Most moving and the most horrifying of Yervant Gianikian and Angela Ricci Lucchi's painstaking archival montages, completes the trilogy on World War I. It examines the war's price in human suffering and its ravaging effects on children and mutilated soldiers. Topicality will do little to increase marginal aud pic is likely to attract at fests.
At once the most moving and the most horrifying of Yervant Gianikian and Angela Ricci Lucchi’s painstaking archival montages, “Oh! Uomo” completes their trilogy on World War I (preceded by “Prisoners of the War” and “On Every Peak is Peace”). It examines the war’s price in human suffering and its ravaging effects on children and mutilated soldiers. Few will be able to watch without cringing or turning away. Comparisons with the current war are inevitablee, but its topicality will do little to increase the marginal audiences the film is likely to attract at festivals and special screenings.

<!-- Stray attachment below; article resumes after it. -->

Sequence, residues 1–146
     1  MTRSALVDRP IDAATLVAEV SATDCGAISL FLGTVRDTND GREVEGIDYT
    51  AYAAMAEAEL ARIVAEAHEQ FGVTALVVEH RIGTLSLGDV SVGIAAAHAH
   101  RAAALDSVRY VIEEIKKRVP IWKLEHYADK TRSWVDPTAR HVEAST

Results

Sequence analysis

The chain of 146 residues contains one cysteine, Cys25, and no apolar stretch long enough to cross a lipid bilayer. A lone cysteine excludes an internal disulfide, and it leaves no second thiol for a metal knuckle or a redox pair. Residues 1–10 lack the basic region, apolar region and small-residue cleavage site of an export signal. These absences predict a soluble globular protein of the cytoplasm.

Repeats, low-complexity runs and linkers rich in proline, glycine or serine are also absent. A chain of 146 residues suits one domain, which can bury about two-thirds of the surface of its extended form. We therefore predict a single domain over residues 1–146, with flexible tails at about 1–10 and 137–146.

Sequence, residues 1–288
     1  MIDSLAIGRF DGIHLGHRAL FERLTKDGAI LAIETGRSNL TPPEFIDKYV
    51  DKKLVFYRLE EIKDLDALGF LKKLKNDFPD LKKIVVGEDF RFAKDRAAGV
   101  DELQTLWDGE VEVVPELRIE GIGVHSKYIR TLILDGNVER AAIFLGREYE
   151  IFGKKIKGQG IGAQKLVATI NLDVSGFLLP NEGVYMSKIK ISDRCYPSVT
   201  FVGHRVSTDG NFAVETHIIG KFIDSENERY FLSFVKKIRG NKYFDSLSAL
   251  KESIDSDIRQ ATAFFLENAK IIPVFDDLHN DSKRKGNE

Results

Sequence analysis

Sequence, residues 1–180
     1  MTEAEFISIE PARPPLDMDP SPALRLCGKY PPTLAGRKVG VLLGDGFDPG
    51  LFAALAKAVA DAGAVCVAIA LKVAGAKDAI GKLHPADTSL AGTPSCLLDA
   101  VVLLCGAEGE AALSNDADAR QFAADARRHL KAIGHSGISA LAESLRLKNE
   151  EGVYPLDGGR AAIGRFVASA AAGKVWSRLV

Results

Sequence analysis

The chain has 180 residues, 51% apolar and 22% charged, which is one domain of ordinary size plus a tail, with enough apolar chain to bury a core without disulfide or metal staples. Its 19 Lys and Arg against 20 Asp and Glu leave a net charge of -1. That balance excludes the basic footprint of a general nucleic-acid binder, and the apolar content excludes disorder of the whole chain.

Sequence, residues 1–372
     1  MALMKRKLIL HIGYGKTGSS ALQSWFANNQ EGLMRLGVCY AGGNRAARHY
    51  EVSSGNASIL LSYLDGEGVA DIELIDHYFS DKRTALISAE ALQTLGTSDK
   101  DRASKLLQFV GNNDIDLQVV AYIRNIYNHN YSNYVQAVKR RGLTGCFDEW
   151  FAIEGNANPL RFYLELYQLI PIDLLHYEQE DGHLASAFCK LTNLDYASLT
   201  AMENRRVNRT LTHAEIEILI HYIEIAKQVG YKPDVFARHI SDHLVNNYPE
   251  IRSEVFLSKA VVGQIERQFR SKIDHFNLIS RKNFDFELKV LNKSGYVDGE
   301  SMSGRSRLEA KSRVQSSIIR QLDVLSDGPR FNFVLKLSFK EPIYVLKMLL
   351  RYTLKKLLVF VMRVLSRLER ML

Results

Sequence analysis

Silent except for Luis Agudo’s percussion accompaniment and an anguishing, wordless solo by Giovanna Marini, the film mounts to almost unbearable intensity in its images of horror.
Title comes from the writings of Leonardo Da Vinci, who believed that every terrifying image of war should be shown so that men might realize the suffering they inflict on one another. This the film certainly does, and its viewing would give the most war-mongering general pause.
Opening images show the Italians parading their armies and aircraft before they invade Ethiopia. The filmmakers retouch the archival footage, slowing it down, zooming in and out or printing it in ghostly, negative images. Then the bodies of starving, deformed children appear.
The horror peaks in a lengthy sequence of images filmed by medical personnel showing soldiers with parts of their faces blown away, followed by the no less stomach-churning results of reconstructive plastic surgery.
Leonardo is remembered in a fascinating view of an orthopedic surgeon sculpting a prosthesis in front of an anatomic drawing of a human leg. The children’s and soldiers’ expressions are unforgettable.